Idaho could change its plan for managing sex offenders that includes requiring offenders to report more information, expanding a state board that oversees sex offenders, and ditching part of the state’s sex offender law that is unconstitutional.
Sen. Denton Darrington, R-Declo, said the package of changes is a major piece of legislation that he thinks will get through the Idaho Legislature this year. Darrington chairs the Senate Judiciary and Rules Committee, which approved introducing the plan.
The change comes in response to an Idaho Supreme Court case in 2009 that ruled the state’s “violent sexual predator” designation, which required some offenders to check in with law enforcement more frequently, violated the offender’s constitutional rights. Offenders couldn’t receive information on why they were called violent predators, which went against their right to due process.
Darrington, who helped craft that sex offender law in 1998, said the high court ruling wasn’t a surprise, and that Idaho needs to find a new way to manage its sex offenders. Since the court ruling, there have been no new violent sexual predators designated. Currently, 51 sex offenders in Idaho are labeled violent, out of several thousand total registered offenders.
Under the new plan, the violent sexual predator designation disappears and the Sex Offender Classification Board would be double in size from four members to eight, increase its responsibilities, and be renamed the Sex Offender Management Board. Also, all registered offenders would have shorter deadlines for registering and reporting changes in personal information.
The package of changes was introduced Monday by Steve Bywater in the attorney general’s office and a member of the Idaho Criminal Justice Commission (ICJC), which put together the legislation. Bywater said that among the new reporting requirements for all sex offenders would be reporting the car they drive and any Internet markers, including their e-mail address or Facebook account.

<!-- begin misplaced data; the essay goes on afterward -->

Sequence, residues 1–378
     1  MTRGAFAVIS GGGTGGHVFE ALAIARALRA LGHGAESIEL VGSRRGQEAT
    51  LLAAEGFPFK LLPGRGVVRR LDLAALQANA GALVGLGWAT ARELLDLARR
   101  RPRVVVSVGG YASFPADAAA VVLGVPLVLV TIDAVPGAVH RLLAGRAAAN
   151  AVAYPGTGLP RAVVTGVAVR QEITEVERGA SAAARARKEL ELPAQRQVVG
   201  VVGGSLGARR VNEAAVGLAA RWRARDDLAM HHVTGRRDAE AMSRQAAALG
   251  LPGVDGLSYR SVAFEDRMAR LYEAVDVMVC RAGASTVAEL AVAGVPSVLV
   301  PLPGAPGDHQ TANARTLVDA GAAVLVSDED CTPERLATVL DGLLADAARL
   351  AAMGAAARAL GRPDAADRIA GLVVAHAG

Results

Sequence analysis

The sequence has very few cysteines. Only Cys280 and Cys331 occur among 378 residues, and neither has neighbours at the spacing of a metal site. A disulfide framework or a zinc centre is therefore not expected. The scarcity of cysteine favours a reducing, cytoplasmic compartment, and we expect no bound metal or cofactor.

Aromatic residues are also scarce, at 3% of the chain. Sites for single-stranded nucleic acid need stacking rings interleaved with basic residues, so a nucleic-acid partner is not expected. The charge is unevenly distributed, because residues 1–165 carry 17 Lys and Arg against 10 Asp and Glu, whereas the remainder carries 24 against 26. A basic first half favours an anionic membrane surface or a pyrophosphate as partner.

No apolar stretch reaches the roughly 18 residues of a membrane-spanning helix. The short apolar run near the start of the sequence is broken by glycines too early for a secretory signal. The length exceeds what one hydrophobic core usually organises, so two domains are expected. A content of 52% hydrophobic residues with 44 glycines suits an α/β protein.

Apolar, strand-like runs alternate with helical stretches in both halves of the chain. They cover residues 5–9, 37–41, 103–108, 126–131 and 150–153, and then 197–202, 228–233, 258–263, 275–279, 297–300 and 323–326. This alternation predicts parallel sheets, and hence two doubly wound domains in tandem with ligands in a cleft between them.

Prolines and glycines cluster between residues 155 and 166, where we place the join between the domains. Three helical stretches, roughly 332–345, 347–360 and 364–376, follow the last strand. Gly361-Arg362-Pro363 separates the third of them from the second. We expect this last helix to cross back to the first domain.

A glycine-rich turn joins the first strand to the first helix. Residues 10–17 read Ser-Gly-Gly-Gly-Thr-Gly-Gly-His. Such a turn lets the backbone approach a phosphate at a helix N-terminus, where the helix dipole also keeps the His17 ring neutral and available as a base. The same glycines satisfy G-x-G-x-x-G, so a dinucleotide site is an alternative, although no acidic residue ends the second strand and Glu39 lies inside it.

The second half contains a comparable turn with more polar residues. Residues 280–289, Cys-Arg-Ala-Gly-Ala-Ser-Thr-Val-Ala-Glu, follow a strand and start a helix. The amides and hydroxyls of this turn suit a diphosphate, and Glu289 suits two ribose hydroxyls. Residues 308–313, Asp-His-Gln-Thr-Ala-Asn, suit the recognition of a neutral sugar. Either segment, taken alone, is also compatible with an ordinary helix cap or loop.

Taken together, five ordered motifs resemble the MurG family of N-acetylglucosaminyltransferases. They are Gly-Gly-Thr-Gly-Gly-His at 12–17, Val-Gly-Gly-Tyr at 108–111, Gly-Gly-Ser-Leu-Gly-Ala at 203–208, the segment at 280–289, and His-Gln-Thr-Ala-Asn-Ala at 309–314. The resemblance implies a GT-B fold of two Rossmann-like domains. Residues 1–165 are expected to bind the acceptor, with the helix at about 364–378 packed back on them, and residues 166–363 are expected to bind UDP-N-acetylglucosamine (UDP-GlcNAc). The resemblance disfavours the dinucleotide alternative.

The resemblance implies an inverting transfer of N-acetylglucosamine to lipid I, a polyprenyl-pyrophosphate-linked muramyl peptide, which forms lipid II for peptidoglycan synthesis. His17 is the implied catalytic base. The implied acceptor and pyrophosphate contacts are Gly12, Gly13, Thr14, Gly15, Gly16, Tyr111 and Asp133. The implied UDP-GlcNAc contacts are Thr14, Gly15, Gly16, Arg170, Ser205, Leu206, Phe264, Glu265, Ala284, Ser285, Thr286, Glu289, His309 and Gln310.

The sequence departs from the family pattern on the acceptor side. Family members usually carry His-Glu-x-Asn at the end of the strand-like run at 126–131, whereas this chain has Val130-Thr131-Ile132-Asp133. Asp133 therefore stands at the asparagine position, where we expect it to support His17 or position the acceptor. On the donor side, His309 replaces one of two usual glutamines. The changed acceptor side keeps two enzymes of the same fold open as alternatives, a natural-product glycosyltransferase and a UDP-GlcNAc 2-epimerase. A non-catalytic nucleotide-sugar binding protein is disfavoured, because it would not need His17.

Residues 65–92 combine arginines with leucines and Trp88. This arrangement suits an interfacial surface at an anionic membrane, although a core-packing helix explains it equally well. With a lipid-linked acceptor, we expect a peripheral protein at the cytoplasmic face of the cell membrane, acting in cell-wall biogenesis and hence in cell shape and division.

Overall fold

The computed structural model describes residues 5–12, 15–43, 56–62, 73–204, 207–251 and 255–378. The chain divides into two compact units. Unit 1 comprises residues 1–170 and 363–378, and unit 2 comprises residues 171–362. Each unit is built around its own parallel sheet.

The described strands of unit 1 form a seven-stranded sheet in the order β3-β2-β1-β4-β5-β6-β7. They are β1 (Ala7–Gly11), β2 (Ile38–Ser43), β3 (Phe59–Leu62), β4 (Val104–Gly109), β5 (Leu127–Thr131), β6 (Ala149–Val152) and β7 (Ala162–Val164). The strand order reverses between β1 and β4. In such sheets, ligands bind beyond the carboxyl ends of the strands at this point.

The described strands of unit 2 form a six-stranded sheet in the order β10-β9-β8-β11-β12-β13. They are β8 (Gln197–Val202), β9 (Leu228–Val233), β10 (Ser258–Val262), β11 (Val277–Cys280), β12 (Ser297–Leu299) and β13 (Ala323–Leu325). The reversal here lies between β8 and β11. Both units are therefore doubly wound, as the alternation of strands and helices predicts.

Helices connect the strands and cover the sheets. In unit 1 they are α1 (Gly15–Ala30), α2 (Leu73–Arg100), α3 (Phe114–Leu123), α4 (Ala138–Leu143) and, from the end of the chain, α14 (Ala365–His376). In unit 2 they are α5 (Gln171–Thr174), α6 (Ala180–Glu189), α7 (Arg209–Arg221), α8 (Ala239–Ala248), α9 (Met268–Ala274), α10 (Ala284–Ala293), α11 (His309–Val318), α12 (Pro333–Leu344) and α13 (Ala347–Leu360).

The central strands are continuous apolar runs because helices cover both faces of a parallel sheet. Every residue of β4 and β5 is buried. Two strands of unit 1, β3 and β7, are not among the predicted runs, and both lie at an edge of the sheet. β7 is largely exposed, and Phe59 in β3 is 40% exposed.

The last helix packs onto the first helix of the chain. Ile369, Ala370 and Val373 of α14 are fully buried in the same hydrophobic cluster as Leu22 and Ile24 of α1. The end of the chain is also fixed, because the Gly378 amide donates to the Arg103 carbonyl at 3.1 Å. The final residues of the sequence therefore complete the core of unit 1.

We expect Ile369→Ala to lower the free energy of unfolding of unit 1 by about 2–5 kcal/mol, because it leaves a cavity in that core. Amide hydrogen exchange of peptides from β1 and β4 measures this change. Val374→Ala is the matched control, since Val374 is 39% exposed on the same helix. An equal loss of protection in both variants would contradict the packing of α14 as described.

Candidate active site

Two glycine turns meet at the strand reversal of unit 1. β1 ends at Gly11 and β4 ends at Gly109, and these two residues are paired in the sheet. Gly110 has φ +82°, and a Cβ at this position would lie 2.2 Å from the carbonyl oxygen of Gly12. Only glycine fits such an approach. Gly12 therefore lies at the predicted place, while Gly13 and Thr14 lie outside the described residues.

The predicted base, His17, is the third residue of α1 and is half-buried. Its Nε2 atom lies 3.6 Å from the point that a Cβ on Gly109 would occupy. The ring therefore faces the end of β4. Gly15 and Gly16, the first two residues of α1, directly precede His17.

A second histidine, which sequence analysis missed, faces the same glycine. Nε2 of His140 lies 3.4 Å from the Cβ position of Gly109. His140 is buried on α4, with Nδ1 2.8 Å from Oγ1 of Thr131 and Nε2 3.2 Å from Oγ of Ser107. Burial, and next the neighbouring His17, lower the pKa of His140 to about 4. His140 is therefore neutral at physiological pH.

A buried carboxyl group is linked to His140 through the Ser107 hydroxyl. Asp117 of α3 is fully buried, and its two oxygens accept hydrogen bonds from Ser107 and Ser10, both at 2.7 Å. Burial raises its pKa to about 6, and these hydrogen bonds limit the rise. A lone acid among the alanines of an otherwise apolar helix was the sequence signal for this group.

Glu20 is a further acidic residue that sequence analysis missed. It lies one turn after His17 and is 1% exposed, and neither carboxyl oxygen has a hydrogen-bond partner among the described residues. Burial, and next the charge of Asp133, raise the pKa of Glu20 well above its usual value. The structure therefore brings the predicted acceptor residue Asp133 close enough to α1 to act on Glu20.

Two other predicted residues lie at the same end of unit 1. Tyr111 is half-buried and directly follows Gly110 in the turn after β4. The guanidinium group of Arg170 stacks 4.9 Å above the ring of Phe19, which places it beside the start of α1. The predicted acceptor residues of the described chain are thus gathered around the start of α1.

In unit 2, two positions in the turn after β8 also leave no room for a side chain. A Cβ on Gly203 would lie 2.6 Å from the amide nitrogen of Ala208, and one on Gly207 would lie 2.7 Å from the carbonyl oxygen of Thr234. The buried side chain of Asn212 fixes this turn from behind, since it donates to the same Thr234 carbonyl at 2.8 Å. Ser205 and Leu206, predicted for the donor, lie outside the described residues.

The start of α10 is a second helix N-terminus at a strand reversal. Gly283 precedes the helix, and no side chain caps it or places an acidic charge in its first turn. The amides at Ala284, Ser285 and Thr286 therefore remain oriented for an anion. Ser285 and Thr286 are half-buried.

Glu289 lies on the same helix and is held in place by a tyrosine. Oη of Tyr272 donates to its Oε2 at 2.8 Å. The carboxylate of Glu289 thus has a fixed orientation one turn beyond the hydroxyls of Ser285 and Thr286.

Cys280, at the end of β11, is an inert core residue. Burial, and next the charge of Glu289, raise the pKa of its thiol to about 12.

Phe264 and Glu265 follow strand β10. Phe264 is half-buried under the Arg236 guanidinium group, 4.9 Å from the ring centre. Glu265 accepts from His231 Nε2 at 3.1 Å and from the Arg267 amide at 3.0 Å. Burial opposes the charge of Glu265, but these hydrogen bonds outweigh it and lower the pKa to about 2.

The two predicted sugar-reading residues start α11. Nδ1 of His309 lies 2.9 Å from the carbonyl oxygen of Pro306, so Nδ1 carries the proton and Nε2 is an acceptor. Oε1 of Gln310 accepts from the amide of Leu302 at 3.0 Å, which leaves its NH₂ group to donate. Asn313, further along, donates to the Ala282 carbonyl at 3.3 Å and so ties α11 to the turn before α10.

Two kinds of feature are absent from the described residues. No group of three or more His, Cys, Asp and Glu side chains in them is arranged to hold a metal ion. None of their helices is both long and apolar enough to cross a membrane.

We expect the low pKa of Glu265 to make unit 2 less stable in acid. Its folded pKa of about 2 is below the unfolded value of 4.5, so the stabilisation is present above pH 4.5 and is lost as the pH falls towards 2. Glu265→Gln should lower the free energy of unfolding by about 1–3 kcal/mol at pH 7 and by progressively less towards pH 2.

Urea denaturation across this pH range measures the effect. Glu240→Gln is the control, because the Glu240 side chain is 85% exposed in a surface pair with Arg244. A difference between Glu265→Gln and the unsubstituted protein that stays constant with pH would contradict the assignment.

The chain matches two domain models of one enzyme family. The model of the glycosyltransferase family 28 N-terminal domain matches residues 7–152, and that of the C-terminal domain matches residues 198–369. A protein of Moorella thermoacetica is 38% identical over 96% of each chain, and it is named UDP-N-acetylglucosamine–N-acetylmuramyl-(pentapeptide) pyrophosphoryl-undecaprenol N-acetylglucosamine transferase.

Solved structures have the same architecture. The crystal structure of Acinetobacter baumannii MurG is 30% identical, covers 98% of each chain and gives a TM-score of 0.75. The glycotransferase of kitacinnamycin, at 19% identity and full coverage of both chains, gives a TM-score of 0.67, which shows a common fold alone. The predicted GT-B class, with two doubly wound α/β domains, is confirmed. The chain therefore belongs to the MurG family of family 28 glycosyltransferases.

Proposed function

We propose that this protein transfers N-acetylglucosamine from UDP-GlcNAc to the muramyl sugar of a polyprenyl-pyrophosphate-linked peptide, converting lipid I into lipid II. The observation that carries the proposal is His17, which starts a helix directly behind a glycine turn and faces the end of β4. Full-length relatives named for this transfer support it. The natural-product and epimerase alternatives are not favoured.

Bywater also said offenders ready to leave a state prison would now need to report their address before they leave. They’d also need to report a change of address within two days. The public can search some of the reported information on an Idaho State Police website.
The reporting changes would bring Idaho closer into compliance with the federal sex offender law, though Bywater said the ICJC doesn’t recommend fully complying with that plan. He did say the legislation would allow for better state supervision of sex offenders.
The change would cost $70,000, due to the expansion of the board. In addition to coming up with a new way to deal with violent offenders or those at risk of repeating a sex crime, the board would also create new state standards for treating and evaluating offenders, including the use of polygraph tests and psychosexual evaluations, when necessary.
Sen. Les Bock, D-Boise, a member of ICJC, supports the plan, saying Idaho needs a new way to identify people who are dangerous. Bock serves on Darrington’s committee, which unanimously agreed to hold a hearing on the legislation.
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